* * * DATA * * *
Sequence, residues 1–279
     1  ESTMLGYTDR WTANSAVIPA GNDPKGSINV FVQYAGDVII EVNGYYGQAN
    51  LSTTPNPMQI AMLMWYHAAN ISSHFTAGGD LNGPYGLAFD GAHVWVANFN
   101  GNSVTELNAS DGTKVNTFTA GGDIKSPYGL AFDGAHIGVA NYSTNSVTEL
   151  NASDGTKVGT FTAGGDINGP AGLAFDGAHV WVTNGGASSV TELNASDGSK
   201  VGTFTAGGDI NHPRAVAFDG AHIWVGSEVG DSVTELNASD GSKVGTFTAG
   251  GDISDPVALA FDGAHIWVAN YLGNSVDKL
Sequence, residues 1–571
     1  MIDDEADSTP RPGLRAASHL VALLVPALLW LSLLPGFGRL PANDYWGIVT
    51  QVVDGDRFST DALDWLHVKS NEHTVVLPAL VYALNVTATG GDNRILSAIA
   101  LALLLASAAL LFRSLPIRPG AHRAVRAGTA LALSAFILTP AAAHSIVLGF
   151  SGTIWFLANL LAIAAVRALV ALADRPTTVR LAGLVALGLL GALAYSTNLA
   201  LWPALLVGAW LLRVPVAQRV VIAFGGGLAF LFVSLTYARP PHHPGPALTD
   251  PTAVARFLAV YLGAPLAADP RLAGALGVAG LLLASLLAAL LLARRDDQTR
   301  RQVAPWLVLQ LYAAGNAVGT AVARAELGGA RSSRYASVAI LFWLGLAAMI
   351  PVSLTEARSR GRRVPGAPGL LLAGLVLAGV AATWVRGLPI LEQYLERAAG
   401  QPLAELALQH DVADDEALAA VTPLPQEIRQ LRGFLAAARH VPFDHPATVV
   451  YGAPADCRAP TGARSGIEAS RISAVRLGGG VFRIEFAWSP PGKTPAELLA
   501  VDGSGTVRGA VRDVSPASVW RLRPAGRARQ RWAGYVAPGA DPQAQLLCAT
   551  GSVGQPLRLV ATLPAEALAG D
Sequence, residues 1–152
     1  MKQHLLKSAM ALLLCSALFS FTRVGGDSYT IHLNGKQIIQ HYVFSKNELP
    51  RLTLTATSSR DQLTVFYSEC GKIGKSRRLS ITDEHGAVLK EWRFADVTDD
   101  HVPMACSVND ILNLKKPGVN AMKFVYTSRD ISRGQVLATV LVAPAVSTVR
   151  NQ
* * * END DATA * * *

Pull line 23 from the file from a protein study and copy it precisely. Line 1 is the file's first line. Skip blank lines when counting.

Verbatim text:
    51  RLTLTATSSR DQLTVFYSEC GKIGKSRRLS ITDEHGAVLK EWRFADVTDD